Watch this short video clip.
- What is she doing?
- Where do you think she might be? Why do you think that?
- How might you describe her mood?
- Who do you think recorded this video?
- What else do you observe?
Watch this short video clip.
Watch this short video clip from the Topaz War Relocation Center.
The Topaz War Relocation Center was located in Millard County in West Central Utah, 16 miles northwest of the town of Delta and 125 miles southwest of Salt Lake City. Situated at 4,600 feet of elevation, the camp occupied 19,800 acres of extremely flat terrain in the Sevier Desert. Dust was a major problem, as were extreme temperatures that ranged from 106 degrees in summer to below zero in winter.
Watch this video and think about what it might have been like to live in this community.
At its peak, Topaz housed 8,130 Japanese Americans. Most of those held in Topaz were from the San Francisco Bay area in California: Alameda, San Francisco, and San Mateo Counties.
Each residential block had twelve housing barracks, a dining hall, a bathroom, a laundry facility, a recreation hall, and a block manager’s office. Each block also had a community mess hall, where almost everyone ate their meals. Some inmates were able to get jobs as cooks, dishwashers, or other staff positions within the camps, but many did not work. For the Issei, who often worked six or seven days a week, this was the most free time they ever had since immigrating to the United States. The inmates kept themselves busy taking classes like English and citizenship, or working on gardens; many did arts and crafts to pass the time. If they wanted to buy things they couldn’t get at the camps, they ordered them from catalogs for Sears or Montgomery Ward. At Topaz, some ordered ice skates by mail to use at the camp rink.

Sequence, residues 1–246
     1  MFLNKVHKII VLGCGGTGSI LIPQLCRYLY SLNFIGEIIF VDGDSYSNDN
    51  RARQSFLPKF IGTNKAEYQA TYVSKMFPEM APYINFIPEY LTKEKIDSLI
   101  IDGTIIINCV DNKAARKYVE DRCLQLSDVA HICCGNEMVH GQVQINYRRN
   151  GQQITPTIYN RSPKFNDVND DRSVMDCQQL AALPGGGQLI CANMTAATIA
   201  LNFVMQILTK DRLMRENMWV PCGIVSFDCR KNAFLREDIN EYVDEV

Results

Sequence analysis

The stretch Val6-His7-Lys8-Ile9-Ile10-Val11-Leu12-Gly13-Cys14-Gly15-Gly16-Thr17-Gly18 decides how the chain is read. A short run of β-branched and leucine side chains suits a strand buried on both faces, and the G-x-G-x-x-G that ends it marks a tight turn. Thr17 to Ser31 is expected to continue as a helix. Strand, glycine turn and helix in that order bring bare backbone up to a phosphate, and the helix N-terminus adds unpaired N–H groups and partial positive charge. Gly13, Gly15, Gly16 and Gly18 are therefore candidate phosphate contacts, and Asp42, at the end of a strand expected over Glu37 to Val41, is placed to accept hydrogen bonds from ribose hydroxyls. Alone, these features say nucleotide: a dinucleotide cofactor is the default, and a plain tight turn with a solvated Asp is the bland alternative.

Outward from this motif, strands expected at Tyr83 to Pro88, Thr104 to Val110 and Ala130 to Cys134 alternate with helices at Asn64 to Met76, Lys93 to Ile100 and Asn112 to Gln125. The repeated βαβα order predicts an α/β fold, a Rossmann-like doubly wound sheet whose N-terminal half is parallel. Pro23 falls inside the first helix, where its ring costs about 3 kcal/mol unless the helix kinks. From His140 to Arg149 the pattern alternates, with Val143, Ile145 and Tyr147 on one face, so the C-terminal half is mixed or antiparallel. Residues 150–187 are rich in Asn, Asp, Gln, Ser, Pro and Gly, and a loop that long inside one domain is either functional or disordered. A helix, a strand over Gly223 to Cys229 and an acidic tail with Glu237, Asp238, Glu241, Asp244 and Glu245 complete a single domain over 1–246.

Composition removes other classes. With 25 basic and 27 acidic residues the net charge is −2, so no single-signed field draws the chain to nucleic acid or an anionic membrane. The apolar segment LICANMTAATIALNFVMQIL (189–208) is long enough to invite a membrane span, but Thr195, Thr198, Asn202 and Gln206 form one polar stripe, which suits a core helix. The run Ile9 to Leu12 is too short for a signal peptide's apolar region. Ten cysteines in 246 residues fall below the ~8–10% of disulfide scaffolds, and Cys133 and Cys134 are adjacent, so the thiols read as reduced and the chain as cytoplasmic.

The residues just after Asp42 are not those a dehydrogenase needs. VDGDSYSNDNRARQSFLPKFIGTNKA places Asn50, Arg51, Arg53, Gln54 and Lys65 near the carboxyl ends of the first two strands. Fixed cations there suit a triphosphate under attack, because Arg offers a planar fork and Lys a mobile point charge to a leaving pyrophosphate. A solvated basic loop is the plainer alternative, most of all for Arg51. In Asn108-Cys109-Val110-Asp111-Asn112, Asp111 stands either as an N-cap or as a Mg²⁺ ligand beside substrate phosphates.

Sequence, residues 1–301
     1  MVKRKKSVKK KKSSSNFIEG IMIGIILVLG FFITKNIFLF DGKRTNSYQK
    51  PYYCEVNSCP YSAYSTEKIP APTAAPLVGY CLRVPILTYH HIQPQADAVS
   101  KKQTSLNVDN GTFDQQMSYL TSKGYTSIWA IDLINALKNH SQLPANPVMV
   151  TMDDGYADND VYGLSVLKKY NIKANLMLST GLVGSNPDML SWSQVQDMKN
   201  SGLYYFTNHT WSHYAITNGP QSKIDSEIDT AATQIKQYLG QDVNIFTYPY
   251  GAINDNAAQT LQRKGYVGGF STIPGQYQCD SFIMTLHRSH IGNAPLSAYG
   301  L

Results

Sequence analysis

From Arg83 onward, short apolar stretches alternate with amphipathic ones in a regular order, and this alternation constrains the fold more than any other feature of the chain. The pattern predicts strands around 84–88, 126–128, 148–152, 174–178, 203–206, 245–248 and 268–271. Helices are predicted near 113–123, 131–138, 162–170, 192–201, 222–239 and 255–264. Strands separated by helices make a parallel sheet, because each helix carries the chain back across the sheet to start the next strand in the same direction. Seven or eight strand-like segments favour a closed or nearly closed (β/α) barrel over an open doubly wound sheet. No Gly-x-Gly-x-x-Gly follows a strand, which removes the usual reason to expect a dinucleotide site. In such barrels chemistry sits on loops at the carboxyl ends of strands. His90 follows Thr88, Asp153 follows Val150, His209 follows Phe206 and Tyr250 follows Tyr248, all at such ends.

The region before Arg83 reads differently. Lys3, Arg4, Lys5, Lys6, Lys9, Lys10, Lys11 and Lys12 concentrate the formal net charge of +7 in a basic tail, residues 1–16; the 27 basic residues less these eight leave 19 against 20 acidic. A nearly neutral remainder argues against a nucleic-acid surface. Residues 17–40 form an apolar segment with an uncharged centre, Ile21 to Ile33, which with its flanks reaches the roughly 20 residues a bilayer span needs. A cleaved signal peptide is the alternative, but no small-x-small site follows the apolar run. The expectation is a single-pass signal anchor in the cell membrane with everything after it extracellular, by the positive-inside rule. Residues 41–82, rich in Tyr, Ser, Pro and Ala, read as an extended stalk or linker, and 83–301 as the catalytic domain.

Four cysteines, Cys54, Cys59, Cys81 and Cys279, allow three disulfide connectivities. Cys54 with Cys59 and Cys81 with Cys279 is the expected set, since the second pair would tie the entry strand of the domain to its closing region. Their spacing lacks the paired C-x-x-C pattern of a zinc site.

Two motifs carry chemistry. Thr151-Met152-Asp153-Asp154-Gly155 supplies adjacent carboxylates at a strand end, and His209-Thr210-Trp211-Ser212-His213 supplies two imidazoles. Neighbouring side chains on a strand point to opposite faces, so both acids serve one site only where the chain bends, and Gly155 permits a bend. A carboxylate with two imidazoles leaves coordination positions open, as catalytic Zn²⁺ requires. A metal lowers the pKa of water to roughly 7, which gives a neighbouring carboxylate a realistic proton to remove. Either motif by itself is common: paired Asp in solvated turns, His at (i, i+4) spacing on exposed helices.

The person who took these home movies was Dave Tatsuno (1913–2006). Mr. Tatsuno was well known within the Bay Area’s Japanese American community for operating the Nichi Bei Bussan stores in San Jose and San Francisco, California. The Tatsuno home movie collection documents activities in Topaz concentration camp as well as pre-WWII festivals, sporting events, family outings, holidays, celebrations, and the Tatsuno family business, the Nichi Bei Bussan.
In 1942, Mr. Tatsuno and his family were incarcerated at the Topaz War Relocation Center in the Utah desert. Over the next three years, shooting covertly with a contraband camera, he recorded everyday life in the dust-blown barracks community that at its height was home to more than 8,000 Americans of Japanese descent. Mr. Tatsuno’s haunting footage was later compiled into a 48-minute silent film, Topaz. In 1996, Topaz was placed on the National Film Registry of the Library of Congress. Mr. Tatsuno’s film was only the second home movie to be included in the registry, which is primarily dedicated to Hollywood classics like Citizen Kane and Casablanca. The first home movie to be included in the registry was Abraham Zapruder’s film of President John F. Kennedy’s 1963 assassination.
One can infer that the young woman in the video clip enjoyed the solitude of ice skating alone. Amidst the chaos of camp—the people, the lines, and the dust storms—she seems to have found a peaceful moment to herself, perhaps to reclaim nicer memories. There is dignity in both her demeanor and the elegant way she is dressed; a stark contrast to the camp and its rows and rows of barracks.
Return to Dignity